Virginia Gutierrez drove home when a police officer stopped her because of a non-working tail light. An outstanding student, with a full-ride scholarship at Arizona State University, Gutierrez wanted to become a nurse. That night, she didn't have an Arizona driver's license and her car got taken away. The following day, she tried to get her car back. But instead of leaving the police station in her car, she left on a bus heading to Nogales, Sonora, Mexico.
Gutierrez, like many others in the past ten years, was deported.
Gutierrez's cousin, Araceli Villezcas, experienced at an early age the struggles that the undocumented immigrant community faced before SB1070. After her cousin's deportation, Villezcas decided to advocate for her community and mobilize the youth.
Teenager Villezcas, second from right, volunteering at the Adios Arpaio Campaign by Araceli Villezcas
Later, Villezcas joined a student walkout against SB1070 in 2011 as a freshman at North High School. Lizeth Zamudio, along with other student leaders, led the student walk-out, during which students marched to the Arizona state Capitol. Now in 2020, both of these young women work for One Arizona.
One Arizona is a non-profit organization that started in 2010 in response to the issues originating from SB1070. Ten years later, they serve the community along with their more than 20 member organizations, and build "a culture of civic engagement and democratic participation and registering 190,000 people to vote in 2018 alone."
This year commemorates the 10-year anniversary that former Gov. Jan Brewer signed SB1070 into law. Ever since then, organizations like One Arizona have set up a goal to "close the gap between the percentage of people of color votes and nonpeople of color." According to Zamudio, increasing civic participation in the community gets them closer to electing officials that share their same values.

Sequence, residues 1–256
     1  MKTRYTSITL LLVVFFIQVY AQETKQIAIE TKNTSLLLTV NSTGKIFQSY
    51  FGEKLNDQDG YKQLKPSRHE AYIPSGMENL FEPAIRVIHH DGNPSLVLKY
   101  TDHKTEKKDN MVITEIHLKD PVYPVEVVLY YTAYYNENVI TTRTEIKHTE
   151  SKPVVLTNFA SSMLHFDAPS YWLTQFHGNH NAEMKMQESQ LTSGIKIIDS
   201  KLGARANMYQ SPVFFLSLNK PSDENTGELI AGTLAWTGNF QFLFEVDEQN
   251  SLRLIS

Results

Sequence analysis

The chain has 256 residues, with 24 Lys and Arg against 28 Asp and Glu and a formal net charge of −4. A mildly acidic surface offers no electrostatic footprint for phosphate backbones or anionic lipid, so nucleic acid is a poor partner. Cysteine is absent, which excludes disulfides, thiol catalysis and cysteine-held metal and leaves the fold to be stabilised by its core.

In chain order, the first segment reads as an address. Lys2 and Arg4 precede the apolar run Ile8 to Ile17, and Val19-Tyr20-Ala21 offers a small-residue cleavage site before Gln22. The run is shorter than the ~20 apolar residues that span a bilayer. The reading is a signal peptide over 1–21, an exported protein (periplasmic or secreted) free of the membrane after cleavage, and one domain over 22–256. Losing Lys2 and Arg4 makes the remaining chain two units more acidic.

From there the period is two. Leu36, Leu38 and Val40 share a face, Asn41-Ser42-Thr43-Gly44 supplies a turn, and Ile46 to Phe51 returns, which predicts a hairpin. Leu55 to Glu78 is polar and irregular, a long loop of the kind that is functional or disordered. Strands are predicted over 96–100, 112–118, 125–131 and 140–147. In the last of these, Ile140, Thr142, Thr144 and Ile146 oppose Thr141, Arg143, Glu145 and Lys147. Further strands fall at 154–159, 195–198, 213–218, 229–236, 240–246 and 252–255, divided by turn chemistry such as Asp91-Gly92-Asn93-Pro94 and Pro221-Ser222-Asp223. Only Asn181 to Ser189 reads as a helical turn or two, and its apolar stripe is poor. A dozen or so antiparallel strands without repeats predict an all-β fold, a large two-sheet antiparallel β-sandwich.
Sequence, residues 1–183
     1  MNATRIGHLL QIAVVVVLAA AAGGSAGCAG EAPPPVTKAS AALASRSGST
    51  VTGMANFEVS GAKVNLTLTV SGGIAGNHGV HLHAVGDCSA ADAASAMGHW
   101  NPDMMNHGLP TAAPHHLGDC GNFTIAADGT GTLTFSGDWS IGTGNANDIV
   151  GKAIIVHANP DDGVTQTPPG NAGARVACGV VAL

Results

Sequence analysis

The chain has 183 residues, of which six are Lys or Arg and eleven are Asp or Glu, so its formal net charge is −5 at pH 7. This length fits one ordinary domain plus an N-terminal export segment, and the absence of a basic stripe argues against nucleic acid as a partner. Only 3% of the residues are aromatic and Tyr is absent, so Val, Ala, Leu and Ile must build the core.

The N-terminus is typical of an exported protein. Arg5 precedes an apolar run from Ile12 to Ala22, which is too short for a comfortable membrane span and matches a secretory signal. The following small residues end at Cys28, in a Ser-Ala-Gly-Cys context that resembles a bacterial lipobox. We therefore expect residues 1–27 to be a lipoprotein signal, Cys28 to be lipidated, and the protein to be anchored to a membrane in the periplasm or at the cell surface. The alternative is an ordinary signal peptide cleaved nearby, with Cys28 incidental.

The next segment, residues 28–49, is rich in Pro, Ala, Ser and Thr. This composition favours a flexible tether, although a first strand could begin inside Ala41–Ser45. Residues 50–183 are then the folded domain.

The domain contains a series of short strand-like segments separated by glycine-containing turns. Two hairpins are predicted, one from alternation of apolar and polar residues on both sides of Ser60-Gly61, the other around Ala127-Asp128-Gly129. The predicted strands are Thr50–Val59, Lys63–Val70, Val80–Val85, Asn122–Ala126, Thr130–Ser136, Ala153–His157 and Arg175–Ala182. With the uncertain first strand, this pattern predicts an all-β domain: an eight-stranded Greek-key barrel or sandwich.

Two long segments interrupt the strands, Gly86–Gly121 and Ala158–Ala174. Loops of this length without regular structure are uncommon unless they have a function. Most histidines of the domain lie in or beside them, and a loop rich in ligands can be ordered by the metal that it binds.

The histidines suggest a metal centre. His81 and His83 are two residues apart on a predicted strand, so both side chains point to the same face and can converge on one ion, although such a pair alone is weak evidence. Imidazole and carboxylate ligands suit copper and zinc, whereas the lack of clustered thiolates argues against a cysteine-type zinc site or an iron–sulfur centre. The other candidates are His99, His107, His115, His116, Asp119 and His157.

"My way of showing up is being able to mobilize those who can vote so we can continue to change policies and continue to not see anti-immigrant bills like SB1070," said Zamudio, One Arizona's deputy field director.
One Arizona's goal this year is to get 250,000 registered voters with the help of organizations like Mi Familia Vota, Chispa Arizona, Arizona Coalition for Change, Central Arizonans for a Sustainable Economy (CASE), and Arizona Center for Empowerment.
Eli Fuentes registering the community to voteby Fernanda Ruiz
The Latinx community is now considered the largest ethnic minority voting bloc, and their decision will greatly affect which candidate will earn the presidency in the 2020 election.
The Arizona Public Opinion surveyed 600 likely voters from March 3 to 4, in which they determined Biden beat Trump by six percentage points.
"Even though we are known as a Republican state, a lot of people that you meet, talk to --people on the ground, working families -- they don't share those same values," Villezcas said. "The problem was, how can we get them to the polls? This is what these organizations have done over the past ten years ever since SB1070, it became the kick-off point where we thought, 'We need to change this state.'" Villezcas is the program coordinator in One Arizona